The issue here is there are several barriers to this... One they have to get code onto a phone, which could be in two ways: app in store with buried hack, IE or mail exploit or similar or some other OS breach. Next you have the issue that the OS only runs signed apps, and so how do you get something on there to run? Kind of points to the app itself being the entry point as that way it is signed. So somehow they have breached the app sandbox to permit it to do more interesting things, potentially which running as a background app. If this is the case it should be easy to vet apps until that hole is fixed. Will be interesting to see what they really have if anything. .

It only runs signed apps but at what level is the signing checked?  If you can execute code at the OS layer then the checks applied to app running won't matter, you're essentially inlining code into an already running process.  There should be no doubt that they have found something - the WP code has no vetting outside of MS.  We've been seeing a nonstop flow of exploitable code for nearly 20 years now even in highly peer-reviewed projects.

Why was the USA not mentioned as one of those countries igoring its citizens rights. Any violation of our privacy is unacceptable and a violation of our freedom! No matter how clever these guys are,what they are doing is criminal.

Paah just Internet hacker wannabes' wanting free publicity. Governments have there own agencies to do this stuff. But then again I can see why Governments and Businesses would prefer to use an un vetted loud group of bedroom warriors who like to proclaim on how good they are at doing all sorts of cool highly illegal stuff at every opportunity.

Do I care if somebody sees what I say on facebook, or what sort of p0rn0graphy I watch online? Nope.

Can I be assured that they only scan for "keywords" in the data, for prevention and early detection of potential criminal behaviour? Probably not.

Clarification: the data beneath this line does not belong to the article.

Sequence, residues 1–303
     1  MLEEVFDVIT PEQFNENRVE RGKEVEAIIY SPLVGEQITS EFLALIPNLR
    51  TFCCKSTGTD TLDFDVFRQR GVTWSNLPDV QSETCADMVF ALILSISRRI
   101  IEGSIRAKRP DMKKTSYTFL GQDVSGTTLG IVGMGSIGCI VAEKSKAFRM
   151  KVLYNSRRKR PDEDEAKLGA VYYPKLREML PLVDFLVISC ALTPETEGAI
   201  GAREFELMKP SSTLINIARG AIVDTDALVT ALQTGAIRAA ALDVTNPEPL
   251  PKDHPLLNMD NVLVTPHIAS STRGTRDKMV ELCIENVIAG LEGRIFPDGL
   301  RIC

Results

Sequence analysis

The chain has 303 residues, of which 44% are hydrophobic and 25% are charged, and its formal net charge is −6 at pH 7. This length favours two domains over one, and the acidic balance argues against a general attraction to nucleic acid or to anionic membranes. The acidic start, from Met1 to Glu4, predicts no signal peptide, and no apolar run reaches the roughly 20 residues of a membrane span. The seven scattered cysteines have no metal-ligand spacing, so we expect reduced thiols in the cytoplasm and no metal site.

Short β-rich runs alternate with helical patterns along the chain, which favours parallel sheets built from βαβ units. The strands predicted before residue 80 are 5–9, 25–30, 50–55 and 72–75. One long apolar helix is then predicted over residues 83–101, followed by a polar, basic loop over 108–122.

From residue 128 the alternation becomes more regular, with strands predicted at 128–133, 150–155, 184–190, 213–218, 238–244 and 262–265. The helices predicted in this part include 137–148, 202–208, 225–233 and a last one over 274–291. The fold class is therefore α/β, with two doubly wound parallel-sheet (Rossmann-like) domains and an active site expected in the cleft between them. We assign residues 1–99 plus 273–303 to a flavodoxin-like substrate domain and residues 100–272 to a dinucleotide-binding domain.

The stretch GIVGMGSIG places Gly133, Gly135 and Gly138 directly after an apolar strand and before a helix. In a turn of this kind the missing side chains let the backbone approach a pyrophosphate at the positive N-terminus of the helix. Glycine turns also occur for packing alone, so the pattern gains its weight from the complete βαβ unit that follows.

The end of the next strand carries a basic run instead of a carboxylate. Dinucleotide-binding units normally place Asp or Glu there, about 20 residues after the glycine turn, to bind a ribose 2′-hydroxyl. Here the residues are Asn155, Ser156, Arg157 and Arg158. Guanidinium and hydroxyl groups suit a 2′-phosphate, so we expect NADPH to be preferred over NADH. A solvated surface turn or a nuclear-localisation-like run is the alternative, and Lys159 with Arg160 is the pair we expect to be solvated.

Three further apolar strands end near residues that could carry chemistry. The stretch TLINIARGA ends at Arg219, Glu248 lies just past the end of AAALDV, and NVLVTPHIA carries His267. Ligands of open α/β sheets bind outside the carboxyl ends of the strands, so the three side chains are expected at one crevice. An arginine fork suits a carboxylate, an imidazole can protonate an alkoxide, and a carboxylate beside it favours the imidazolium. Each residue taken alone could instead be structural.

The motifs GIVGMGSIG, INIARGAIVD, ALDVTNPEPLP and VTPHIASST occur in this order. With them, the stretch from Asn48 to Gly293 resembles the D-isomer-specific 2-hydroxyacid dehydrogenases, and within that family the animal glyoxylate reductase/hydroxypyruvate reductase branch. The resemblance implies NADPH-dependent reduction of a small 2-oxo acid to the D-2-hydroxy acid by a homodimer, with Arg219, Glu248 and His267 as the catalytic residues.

Do I care if somebody sees the username and password I use for online services (especially internet banking)? Yes!

Conclusion: Do I trust people's discretion when they go through my internet data? No.

I love that program. But Harold Finch's and John Reese's discretion makes them trustable.

If I didn't know them, I wouldn't trust them.

There really doesn't need to be an exploit within WP itself to get at any of the data they claim they can get at.

Way to turn an article teasing a windows phone hack into more news that describes our impending destruction! Lol I didn't know about that firm though. They say they are using tech to empower but fail to mention it's only for the already powerful (psychopathic) to "hinder" the freedoms of the less powerful. Thanks

First of all, there is no proof, second, they say just "Windows Phone", it could be just WP7, that can be completely jailbroken.

generally speaking, I consider everything that's connected to the internet unsafe - if You really care about something, burn it on a DVD and lock it away

It's _much_ quicker than you would expect, like as short as a few years in some cases.  To grossly summarize the cause, air trapped in the layer between the metallic film and the plastic causes the metallic film to tarnish.